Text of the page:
Here’s the newest accession to our ever-expanding list: “Strawberried” … from the new Strawberried Peanut Butter M&M’s®. OMG, they are a treat. Enjoy!
Although the word utilize has origins as far back as the early 1800s, it seems that the computer age has put this term front and center. And, regardless of its standing as an official word in most dictionaries, it gets some people riled. Consider this usage note from dictionary.com:
Usage Note: A number of critics have remarked that utilizeis an unnecessary substitute for use. It is true that many occurrences of utilize could be replaced by use with no loss to anything but pretentiousness, for example, in sentences such as ‘They utilizedquestionable methods in their analysis’ or ‘We hope that many commuters will continue to utilize mass transit after the bridge has reopened.’ But utilize can mean ‘to find a profitable or practical use for.’ Thus the sentence ‘The teachers were unable to usethe new computers’ might mean only that the teachers were unable to operate the computers, whereas ‘The teachers were unable to utilize the new computers’ suggests that the teachers could not find ways to employ the computers in instruction.
Here’s a simple and functional distinction:
Useis the general word: (What is used often has depreciated or been diminished, sometimes completely consumed: a used automobile; All the butter has been used.) As applied to persons, use implies some selfish or sinister purpose: to use another to advance oneself. Utilize implies practical or profitable use: to utilize the means at hand, a modern system of lighting.
Plus, the dictionary definitions:
use. verb (used with object).
to employ for some purpose; put into service; make use of: to use a knife.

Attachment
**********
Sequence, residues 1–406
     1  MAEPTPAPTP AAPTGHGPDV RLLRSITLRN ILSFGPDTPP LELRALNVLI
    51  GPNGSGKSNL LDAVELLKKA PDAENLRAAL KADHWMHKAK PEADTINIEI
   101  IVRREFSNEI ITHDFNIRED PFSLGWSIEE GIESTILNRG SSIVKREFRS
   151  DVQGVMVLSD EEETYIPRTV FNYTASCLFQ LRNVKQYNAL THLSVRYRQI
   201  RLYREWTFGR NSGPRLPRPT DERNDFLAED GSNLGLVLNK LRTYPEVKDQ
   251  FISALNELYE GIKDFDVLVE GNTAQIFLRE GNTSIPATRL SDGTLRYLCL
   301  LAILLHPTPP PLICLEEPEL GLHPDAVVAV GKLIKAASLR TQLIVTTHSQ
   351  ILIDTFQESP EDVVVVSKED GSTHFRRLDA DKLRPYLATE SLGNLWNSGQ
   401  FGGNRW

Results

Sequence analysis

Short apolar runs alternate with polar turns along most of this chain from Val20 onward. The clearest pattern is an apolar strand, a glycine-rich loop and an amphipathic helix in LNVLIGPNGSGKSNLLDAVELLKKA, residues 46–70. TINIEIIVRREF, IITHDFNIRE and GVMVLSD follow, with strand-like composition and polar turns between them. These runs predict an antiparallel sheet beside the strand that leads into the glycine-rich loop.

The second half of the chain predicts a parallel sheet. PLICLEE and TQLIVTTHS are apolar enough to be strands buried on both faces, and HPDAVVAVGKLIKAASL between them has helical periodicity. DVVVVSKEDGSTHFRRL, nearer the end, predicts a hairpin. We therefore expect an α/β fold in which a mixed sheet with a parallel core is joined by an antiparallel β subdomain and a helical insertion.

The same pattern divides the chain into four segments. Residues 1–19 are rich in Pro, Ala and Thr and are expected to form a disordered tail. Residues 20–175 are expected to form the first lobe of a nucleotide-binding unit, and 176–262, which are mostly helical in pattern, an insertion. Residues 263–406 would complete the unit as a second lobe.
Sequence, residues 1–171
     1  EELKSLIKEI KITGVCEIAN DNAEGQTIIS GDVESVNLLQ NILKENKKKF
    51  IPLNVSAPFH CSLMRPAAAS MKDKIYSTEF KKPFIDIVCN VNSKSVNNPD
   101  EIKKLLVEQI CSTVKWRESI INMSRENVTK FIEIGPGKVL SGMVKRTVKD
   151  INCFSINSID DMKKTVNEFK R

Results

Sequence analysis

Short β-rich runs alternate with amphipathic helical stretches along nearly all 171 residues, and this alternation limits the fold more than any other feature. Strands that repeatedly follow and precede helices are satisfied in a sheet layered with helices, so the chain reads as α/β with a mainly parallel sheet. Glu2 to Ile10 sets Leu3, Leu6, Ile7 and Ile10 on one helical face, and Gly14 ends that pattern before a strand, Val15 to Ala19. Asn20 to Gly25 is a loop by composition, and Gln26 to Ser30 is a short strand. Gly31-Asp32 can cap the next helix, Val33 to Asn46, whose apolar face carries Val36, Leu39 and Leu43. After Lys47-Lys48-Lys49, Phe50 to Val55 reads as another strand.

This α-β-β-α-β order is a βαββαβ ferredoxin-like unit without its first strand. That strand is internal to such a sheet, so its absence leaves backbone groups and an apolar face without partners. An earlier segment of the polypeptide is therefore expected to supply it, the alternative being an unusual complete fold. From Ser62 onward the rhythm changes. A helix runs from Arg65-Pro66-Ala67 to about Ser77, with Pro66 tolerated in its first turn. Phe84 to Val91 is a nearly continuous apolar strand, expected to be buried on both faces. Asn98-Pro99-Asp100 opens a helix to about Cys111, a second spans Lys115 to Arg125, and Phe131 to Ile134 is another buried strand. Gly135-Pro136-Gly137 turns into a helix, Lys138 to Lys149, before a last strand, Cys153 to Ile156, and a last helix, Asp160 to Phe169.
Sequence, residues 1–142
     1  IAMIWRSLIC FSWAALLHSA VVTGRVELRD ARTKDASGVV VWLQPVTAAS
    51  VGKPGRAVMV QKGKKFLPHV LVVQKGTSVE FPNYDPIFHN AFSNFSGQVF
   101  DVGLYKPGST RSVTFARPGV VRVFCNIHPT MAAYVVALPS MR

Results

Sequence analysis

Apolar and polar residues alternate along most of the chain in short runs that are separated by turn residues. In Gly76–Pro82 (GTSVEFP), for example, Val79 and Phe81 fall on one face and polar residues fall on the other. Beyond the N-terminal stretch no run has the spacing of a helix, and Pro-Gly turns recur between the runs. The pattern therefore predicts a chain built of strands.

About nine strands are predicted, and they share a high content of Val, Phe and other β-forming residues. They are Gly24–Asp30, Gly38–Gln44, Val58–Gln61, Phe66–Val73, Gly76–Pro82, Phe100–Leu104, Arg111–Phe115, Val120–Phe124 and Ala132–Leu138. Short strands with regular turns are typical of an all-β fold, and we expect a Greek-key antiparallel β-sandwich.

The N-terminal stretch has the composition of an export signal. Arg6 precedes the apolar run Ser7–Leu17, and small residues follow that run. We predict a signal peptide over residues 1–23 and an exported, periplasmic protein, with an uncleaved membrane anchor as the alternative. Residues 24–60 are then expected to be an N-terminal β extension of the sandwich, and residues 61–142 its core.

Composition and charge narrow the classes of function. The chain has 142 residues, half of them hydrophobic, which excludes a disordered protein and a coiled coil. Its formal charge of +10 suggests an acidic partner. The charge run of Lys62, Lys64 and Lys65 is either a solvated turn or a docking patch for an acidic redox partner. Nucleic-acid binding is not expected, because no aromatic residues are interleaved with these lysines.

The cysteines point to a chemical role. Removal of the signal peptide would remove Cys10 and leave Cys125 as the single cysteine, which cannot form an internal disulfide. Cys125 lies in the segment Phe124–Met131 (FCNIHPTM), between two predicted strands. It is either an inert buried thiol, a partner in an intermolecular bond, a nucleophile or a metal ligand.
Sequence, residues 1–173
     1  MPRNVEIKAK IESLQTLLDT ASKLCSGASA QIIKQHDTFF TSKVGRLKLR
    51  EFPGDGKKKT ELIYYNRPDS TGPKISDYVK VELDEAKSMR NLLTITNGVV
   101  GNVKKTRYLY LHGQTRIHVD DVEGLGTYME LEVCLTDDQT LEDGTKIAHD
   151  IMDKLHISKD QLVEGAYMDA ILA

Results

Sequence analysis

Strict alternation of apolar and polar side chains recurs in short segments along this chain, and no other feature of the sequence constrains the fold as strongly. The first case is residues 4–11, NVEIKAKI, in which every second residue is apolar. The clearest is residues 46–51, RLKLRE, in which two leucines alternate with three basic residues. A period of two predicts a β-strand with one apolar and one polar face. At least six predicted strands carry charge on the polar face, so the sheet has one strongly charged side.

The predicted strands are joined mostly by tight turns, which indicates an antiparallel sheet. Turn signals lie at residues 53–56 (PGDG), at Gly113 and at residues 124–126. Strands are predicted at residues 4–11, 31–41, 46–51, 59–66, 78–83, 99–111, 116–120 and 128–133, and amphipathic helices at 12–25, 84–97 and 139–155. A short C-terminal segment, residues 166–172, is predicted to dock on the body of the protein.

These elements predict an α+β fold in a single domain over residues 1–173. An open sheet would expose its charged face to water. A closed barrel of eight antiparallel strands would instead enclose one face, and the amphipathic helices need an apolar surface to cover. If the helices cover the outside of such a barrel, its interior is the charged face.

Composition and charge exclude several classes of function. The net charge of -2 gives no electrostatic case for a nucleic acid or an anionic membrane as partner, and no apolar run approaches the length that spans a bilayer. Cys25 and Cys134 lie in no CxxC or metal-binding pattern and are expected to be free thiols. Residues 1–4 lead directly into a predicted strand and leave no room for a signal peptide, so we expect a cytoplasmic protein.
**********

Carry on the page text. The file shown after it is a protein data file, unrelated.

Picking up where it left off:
to avail oneself of; apply to one’s own purposes: to use the facilities.
to expend or consume in use: We have used the money provided.
to treat or behave toward: He did not use his employees with much consideration.
to take unfair advantage of; exploit: to use people to gain one’s own ends.
to drink, smoke, or ingest habitually: to use drugs.
to habituate or accustom.
Archaic. to practice habitually or customarily; make a practice of.
use. verb. (used without object).
to be accustomed, wont, or customarily found (used with an infinitive expressed or understood, and, except in archaic use, now only in the past): He used to go every day.
Archaic. to resort, stay, or dwell customarily.
the act of employing, using, or putting into service: the use of tools.
the state of being employed or used.
an instance or way of employing or using something: proper use of the tool; the painter’s use of color.
a way of being employed or used; a purpose for which something is used: He was of temporary use. The instrument has different uses.
the power, right, or privilege of employing or using something: to lose the use of the right eye; to be denied the use of a library card.
service or advantage in or for being employed or used; utility or usefulness: of no practical use.
help; profit; resulting good: What’s the use of pursuing the matter?
occasion or need, as for something to be employed or used: Would you have any use for another calendar?
continued, habitual, or customary employment or practice; custom: to follow the prevailing use of such occasions.
Law. a. the enjoyment of property, as by the employment, occupation, or exercise of it. b. the benefit or profit of lands and tenements in the possession of another who simply holds them for the beneficiary. c. the equitable ownership of land to which the legal title is in another’s name.
Liturgy. the distinctive form of ritual or of any liturgical observance used in a particular church, diocese, community, etc.
usual or customary experience.
use. verb phrase.
use up, a. to consume entirely. b. to exhaust of vigor or usefulness; finish: By the end of the war he felt used up and sick of life.
have no use for, a. to have no occasion or need for: She appears to have no use for the city. b. to refuse to tolerate; discount: He had no use for his brother. c. to have a distaste for; dislike: He has no use for dictators.
make use of, to use for one’s own purposes; employ: Charitable organizations will make use of your old furniture and clothing.
of no use, of no advantage or help: It’s of no use to look for that missing earring. It’s no use asking her to go. Also, no use.
put to use, to apply; employ to advantage: What a shame that no one has put that old deserted mansion to use!
And then there’s …
utilize. verb (used with object). Also, especially British, utilise.
to put to use; turn to profitable account: to utilize a stream to power a mill.
So, our usage recommendation: useuse when not useful to utilize :-).